The infamous, frightening sequester is now less than a week away. It's so frightening in fact that, instead of trying to prevent it, Congress went on vacation all this past week. (Most people got one day off for Presidents Day - if that much. Congress claims a whole week).
Just how frightened anyone should be by the admittedly infamous sequester is unclear. The Administration is certainly beating the drum about how harmful it is going to be to the country. Inevitably, any reduction in government spending is potentially harmful to a slowly recovering economy, but exactly how harmful is quite unclear. What is clear, of course, is that the policy is stupid and irresponsible, which in fact is what it was intended to be. It was never actually intended to happen. It was supposed to scare congress into addressing the deficit in something like a rational way. Obviously, no serious country should operate this way - ostensibly putting its fiscal house in order by random, across the board budget cuts. Democratic governance is about deliberation and debate oriented to rational decision making. Like leaving important decisions to an irrational free market, random across the board budget cuts are an abdication of the faculty of judgment - the very opposite of deliberation and debate oriented to rational decision making.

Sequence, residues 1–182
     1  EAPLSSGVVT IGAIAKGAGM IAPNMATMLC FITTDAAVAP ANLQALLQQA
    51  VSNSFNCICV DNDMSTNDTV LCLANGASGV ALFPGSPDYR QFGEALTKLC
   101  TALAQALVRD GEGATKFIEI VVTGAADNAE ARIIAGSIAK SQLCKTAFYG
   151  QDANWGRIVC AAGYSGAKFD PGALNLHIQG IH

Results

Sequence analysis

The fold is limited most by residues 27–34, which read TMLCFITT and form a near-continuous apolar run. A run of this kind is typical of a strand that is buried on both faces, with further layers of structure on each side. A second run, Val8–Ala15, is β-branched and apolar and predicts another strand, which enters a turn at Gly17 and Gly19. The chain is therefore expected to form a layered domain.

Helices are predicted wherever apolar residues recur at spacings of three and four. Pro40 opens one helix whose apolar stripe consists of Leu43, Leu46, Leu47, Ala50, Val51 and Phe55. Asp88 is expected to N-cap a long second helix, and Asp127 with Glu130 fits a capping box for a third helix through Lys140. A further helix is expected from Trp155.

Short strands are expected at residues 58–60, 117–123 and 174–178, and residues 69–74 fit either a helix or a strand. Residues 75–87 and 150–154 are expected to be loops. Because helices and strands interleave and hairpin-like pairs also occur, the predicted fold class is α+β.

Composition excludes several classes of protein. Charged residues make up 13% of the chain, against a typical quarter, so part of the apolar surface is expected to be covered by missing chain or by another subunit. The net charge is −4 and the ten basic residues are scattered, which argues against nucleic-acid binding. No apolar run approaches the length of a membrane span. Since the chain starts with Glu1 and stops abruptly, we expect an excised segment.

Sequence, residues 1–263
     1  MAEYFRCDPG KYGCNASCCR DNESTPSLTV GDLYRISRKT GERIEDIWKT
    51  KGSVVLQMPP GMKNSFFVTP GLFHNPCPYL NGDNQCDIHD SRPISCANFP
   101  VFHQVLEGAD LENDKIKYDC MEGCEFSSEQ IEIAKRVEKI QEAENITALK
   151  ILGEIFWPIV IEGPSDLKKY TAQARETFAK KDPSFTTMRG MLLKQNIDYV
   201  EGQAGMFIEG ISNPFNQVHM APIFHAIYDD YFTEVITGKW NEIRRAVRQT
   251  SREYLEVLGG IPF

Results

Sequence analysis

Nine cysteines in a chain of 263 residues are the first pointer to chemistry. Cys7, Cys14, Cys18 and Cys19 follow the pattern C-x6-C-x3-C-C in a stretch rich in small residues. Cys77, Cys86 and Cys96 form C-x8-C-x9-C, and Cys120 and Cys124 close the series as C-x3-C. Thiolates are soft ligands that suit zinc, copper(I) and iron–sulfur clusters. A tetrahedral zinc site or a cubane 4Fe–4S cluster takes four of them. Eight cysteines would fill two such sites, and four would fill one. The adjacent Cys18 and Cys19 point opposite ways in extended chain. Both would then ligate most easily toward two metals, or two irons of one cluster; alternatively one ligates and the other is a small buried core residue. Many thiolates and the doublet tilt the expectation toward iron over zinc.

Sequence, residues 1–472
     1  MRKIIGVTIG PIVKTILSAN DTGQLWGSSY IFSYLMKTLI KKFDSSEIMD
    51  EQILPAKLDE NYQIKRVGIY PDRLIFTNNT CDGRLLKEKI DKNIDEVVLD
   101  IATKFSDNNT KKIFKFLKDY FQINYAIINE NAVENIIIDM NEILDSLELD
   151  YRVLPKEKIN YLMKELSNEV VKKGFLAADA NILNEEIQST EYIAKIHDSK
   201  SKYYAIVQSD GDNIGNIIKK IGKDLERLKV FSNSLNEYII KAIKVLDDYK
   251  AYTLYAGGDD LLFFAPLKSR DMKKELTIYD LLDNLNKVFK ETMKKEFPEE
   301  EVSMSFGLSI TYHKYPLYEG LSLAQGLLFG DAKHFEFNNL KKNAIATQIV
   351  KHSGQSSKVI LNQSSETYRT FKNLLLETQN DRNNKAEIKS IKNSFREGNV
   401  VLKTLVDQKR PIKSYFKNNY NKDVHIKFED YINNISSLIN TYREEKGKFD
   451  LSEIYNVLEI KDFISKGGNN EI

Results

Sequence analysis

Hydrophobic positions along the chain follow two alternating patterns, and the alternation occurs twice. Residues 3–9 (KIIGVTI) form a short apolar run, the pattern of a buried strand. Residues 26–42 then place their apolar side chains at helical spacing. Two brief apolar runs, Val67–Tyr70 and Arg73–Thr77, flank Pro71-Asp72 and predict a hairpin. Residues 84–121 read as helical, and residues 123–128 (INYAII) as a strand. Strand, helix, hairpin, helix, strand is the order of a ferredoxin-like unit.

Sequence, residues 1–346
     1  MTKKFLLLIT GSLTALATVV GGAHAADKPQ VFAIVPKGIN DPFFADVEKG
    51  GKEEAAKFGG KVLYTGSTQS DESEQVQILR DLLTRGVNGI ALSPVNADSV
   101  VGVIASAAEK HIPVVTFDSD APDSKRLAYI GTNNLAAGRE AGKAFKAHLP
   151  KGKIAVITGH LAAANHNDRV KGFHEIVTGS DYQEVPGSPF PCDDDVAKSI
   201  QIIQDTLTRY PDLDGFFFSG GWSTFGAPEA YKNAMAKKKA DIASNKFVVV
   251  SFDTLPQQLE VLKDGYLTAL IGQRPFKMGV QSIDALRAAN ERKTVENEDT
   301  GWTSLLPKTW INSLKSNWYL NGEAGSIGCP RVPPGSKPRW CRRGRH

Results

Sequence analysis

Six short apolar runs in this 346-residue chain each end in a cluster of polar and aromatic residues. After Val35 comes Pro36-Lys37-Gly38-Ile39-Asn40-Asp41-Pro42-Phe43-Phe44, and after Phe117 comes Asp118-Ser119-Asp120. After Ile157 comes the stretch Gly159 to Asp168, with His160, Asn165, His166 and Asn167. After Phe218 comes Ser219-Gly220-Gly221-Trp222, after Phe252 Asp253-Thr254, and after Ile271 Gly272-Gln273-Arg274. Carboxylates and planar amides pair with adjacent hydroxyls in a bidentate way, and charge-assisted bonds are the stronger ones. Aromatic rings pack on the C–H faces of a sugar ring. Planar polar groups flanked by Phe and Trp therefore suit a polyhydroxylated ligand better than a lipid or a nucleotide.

The elite consensus that the deficit is our major problem is itself somewhat problematic. But, even if we grant that the deficit is a pressing problem and ought to be addressed immediately, it seems evident that the way to address it is through intelligent measures to raise additional revenue and reduce excessive spending. The sequester does nothing to raise revenue, of course, nor does it distinguish between efficient spending on programs that are important to our nation's well-being and excessive spending that the country can survive cutting. Most seriously of all, it does not begin to address the most problematic spending of all - entitlements, especially health care costs.
The only possible good that can conceivably come from this sequester is that more people may experience first hand how much worse life can get when important government services are sacrificed on the pagan altar of deficit reduction. American voters have long been guilty of believing they can enjoy the government services that go with being a civilized society - without having to pay for them. If more voters actually experienced how harmful "small government" actually is, then perhaps some sanity and moral responsibility might be infused into our political debates.
An injection of some modicum of sanity and moral responsibility hardly seems like a utopian goal. It remains to be seen, however, whether it is actually achievable.